In our second stage, we wanted to construct non-recombinant regions where our approach to breakpoint identification was as conservative as possible. We call this approach breakpoint-conservative, but note that this has the opposite effect to the construction of NRR1 in that this approach is the most likely to allow breakpoints to remain inside putative non-recombining regions. In other words, a true breakpoint is less likely to be called as such (this is breakpoint-conservative), and thus the construction of a non-recombining region may contain true recombination breakpoints (with insufficient evidence to call them as such). In this approach, we considered a breakpoint as supported only if it had three types of statistical support: from (1) mosaic signals identified by 3SEQ, (2) PI signals identified by building trees around 3SEQ’s breakpoints and (3) the GARD algorithm35, which identifies breakpoints by identifying PI signals across proposed breakpoints. Because 3SEQ identified ten BFRs >500 nt, we used GARD’s (v.2.5.0) inference on 10, 11 and 12 breakpoints. A reduced sequence set of 25 sequences chosen to capture the breadth of diversity in the sarbecoviruses (obvious recombinants not involving the SARS-CoV-2 lineage were also excluded) was used because GARD is computationally intensive. GARD identified eight breakpoints that were also within 50 nt of those identified by 3SEQ. PI signals were identified (with bootstrap support >80%) for seven of these eight breakpoints: positions 1,684, 3,046, 9,237, 11,885, 21,753, 22,773 and 24,628. Using these breakpoints, the longest putative non-recombining segment (nt 1,885–21,753) is 9.9 kb long, and we call this region NRR2.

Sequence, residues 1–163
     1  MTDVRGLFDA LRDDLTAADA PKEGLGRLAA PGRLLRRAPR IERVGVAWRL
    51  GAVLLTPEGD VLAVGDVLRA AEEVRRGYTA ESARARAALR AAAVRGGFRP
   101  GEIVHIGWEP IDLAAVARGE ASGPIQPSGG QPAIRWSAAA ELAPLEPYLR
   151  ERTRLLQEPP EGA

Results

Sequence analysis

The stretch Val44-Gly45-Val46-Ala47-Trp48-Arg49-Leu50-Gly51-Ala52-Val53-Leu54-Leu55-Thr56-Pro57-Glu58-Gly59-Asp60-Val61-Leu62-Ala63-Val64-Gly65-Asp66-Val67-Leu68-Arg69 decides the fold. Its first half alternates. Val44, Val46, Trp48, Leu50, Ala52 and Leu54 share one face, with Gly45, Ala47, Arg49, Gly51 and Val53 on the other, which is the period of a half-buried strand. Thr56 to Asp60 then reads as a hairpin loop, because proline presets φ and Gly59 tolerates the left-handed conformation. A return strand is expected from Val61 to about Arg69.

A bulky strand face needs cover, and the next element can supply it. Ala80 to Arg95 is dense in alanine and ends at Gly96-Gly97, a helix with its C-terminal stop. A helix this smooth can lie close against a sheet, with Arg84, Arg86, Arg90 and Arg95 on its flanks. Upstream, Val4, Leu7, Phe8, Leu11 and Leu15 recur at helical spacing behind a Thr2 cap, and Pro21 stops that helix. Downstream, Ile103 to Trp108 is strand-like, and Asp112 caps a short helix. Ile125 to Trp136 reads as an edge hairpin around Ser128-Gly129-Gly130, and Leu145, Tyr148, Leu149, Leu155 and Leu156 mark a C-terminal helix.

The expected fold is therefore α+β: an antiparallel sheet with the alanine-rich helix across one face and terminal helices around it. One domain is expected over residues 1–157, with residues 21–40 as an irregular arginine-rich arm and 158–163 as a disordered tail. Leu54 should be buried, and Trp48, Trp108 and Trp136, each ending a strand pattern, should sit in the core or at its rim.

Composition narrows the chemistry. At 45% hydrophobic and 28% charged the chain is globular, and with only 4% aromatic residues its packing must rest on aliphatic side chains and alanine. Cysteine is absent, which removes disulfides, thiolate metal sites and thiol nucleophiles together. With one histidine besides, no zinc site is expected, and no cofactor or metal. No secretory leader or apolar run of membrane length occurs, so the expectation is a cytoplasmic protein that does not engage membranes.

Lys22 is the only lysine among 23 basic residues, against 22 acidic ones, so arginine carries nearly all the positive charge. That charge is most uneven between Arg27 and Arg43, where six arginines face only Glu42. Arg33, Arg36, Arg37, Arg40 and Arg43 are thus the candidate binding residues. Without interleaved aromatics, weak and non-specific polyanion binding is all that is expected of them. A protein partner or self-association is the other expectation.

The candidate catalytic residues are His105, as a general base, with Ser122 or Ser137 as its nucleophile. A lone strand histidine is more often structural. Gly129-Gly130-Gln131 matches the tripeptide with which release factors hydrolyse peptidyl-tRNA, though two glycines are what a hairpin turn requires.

Our third approach involved identifying breakpoints and masking minor recombinant regions (with gaps, which are treated as unobserved characters in probabilistic phylogenetic approaches). Specifically, we used a combination of six methods implemented in v.5.5 of RDP5 (ref. 36) (RDP, GENECONV, MaxChi, Bootscan, SisScan and 3SEQ) and considered recombination signals detected by more than two methods for breakpoint identification. Except for specifying that sequences are linear, all settings were kept to their defaults. Based on the identified breakpoints in each genome, only the major non-recombinant region is kept in each genome while other regions are masked. To evaluate the performance procedure, we confirmed that the recombination masking resulted in (1) a markedly different outcome of the PHI test64, (2) removal of well-supported (bootstrap value >95%) incompatible splits in Neighbor-Net65 and (3) a near-complete reduction of mosaic signal as identified by 3SEQ. If the latter still identified non-negligible recombination signal, we removed additional genomes that were identified as major contributors to the rema